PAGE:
The important thing is to be as inclusive as possible so think about how you can welcome those who don’t usually come to church events. You might want to consider sending personal invitations to people. You may need to provide transport for some in your community. Make sure you publicise it in different ways from posters to social media.


Ideally the event would be free but if you need to charge then please make it clear in your advertising and invitations so people are not worried about the cost. We would encourage you to consider paying for an event like this out of your church’s mission or outreach budget. Alternatively, many Church of England dioceses have small grant funds which support churches who want to engage in local mission and other denominations may well have similar schemes; a quick Google search should provide some local leads to pursue! There are some grant-making bodies who provide small grants for events such as these; visit rural-mission-sunday to find some suggestions.

CoMpilE A WElCoME pACk When people move into a new area they don’t always know what facilities and activities the community has. A pack of useful information can be a really practical way of making sure new people feel welcome and could include: • Details of local facilities such as a shop or the village hall or pub • The nearest doctor, dentist and school and appropriate contact information • Details of any groups that meet in the village and appropriate contact information • Information about local public transport and taxi companies • Don’t forget information about church services and activities! What you would like to know if you were new to your community? Contact your parish council to see if they already have such a resource. If they do, can you help make it available to new comers? Calling round with a welcome pack and a bunch of flowers is a great way of getting to know people new to the village! If a welcome pack doesn’t already exist why not work with the parish council to produce one?

A plACE FoR ThoSE noT AlREAdy inCludEd Social isolation is now a real problem for our society as a whole, but the challenges can be even more significant in rural areas. It’s not just a problem faced by older people. Who might feel isolated in your community? Could you make your church building available for those wanting to start a new group? Could your church community start an activity for those who are isolated? You can find more information on rural isolation, and ideas for tackling it in local communities, by visiting and searching ‘rural isolation’.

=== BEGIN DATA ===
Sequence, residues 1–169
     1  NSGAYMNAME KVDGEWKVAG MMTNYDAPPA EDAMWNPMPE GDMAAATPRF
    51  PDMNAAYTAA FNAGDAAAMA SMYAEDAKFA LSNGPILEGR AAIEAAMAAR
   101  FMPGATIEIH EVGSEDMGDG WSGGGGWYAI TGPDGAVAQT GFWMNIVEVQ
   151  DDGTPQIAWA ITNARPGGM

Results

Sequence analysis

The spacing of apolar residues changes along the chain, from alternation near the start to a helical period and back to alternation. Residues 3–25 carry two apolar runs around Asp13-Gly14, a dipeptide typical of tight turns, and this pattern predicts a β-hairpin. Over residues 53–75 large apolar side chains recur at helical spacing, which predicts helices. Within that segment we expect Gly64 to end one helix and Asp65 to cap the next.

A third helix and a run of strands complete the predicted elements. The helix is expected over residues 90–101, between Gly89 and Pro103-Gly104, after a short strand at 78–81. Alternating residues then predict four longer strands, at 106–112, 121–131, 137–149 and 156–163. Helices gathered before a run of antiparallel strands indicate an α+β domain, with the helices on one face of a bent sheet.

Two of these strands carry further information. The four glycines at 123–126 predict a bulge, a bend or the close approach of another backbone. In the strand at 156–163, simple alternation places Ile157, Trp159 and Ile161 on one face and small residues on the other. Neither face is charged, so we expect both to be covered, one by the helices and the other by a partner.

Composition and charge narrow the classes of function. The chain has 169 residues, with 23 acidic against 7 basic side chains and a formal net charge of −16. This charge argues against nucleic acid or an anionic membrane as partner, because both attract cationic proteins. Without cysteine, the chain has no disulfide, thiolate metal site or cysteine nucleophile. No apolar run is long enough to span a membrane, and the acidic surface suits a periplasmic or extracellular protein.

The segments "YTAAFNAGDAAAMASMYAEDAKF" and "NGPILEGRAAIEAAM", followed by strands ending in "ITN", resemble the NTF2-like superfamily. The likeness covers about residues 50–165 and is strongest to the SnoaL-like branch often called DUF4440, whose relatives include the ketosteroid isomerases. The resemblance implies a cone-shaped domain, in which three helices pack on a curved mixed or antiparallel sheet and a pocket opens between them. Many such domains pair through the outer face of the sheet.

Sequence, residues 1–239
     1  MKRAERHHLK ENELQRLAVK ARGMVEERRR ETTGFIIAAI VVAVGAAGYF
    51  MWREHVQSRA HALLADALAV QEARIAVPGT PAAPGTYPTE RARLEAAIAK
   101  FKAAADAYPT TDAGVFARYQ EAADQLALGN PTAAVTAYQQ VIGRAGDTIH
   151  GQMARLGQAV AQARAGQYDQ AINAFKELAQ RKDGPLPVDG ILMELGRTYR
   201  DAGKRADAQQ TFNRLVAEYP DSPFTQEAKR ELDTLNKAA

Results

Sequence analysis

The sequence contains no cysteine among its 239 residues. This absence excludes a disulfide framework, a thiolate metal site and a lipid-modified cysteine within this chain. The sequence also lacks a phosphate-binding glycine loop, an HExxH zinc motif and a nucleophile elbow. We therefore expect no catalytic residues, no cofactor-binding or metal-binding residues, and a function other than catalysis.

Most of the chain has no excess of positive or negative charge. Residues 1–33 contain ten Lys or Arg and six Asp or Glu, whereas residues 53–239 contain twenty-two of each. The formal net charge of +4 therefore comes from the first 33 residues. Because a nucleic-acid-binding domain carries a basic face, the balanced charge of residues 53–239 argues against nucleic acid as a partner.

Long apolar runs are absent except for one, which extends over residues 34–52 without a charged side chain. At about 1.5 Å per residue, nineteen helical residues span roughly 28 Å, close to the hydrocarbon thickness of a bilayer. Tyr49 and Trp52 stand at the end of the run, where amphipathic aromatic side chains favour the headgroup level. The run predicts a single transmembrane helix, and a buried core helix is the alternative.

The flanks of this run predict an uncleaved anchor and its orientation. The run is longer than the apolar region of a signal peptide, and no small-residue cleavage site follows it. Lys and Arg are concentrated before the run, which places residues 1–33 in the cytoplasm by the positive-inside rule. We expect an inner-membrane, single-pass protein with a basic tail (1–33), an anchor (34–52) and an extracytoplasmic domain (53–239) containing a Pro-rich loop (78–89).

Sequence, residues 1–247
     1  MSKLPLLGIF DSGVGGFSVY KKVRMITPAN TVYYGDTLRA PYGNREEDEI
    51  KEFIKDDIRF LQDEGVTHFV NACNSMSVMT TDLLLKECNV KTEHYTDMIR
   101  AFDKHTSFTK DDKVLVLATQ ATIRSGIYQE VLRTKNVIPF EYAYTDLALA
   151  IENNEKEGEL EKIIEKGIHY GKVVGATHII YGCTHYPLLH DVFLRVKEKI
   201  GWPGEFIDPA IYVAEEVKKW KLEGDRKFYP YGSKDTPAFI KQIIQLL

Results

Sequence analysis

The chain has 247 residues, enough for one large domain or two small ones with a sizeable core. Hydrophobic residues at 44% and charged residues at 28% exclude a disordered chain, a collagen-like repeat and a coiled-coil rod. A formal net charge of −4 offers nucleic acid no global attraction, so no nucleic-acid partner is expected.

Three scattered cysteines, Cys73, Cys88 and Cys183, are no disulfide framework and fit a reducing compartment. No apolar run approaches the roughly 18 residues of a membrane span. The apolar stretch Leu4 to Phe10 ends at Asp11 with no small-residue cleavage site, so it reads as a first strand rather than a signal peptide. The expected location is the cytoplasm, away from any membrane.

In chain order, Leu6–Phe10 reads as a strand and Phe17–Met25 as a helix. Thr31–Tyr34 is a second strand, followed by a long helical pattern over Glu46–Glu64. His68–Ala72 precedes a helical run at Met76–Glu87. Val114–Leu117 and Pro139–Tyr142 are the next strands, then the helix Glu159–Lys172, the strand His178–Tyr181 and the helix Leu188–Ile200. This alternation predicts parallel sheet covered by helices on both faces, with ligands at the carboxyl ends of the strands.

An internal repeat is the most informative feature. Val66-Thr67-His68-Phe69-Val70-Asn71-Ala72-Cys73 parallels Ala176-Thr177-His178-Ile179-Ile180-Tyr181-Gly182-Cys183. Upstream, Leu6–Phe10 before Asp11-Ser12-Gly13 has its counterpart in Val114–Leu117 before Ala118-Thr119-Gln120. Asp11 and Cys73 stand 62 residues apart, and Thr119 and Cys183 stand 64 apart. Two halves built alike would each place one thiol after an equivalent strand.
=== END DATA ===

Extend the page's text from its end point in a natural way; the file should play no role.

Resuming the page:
SundAy 16 July 2017

EvERybody WElCoME! ShApinG youR ChuRCh SERviCE Here you’ll find a service outline and some suggestions of songs and prayers on the theme of hospitality and welcome that you might like to include. Don’t forget to think carefully about how to introduce each item; things we so often take for granted – like when to stand up and sit down, when to refer to a service book or sheet – can be completely alien to visitors. Clear explanations are a really important part of our welcome!

SERviCE ouTlinE introduction and Welcome If you have the facilities, you could show a brief light-hearted video like this #LetsEat campaign from Canadian food manufacturer, President’s Choice: or go to YouTube and search ‘Let’s Eat’

Song opening prayers Reading We suggest one from the list in this material, ideally Luke 19 (Jesus and Zaccheus) if you are planning to include a children’s talk or activity

Children’s talk or activity (where appropriate)

Song Talk/sermon Use one of the readings we have suggested. Do you have any stories from your own church or community that you can use to illustrate your talk? Don’t forget to ask the permission of those involved if appropriate!

Song prayers for you community If you felt able to pray for Germinate: The Arthur Rank Centre at this point, we’d be really grateful! You can find out about current projects and events by visiting our website,

Song Could you take up an offering for the work of Germinate: Arthur Rank Centre?

prayer of blessing

This section contains prayers and songs that you may wish to use as part of your Rural Mission Sunday service and our website contains even more material – go to you can also find an extensive Rural mission Sunday children’s resource on our website. This material, prepared exclusively for germinate: The Arthur Rank Centre by nicola grieves. nicola is the Children’s and youth development officer for the eastern Synod of the united Reformed Church, one of the most rural areas of england. She has a wealth of experience in youth and children’s work, both delivering it herself and encouraging and supporting others to do so.

pRAyERS A prayer from the Rt Revd Justin Welby, Archbishop of Canterbury Creator God, through whose word all things came into being, and by whose power all is sustained. Your creation renews inspires awe and worship, strengthens us with hope and calls to us to wonder at your mystery. We pray that, filled with the Spirit who leads us to Christ, you would open our eyes to see your gifts and open our hearts that we may share them with others. May the churches across our countryside be centres of community, places of welcome and human warmth, and channels of the hospitable love offered us in Jesus. We pray this prayer in His holy name.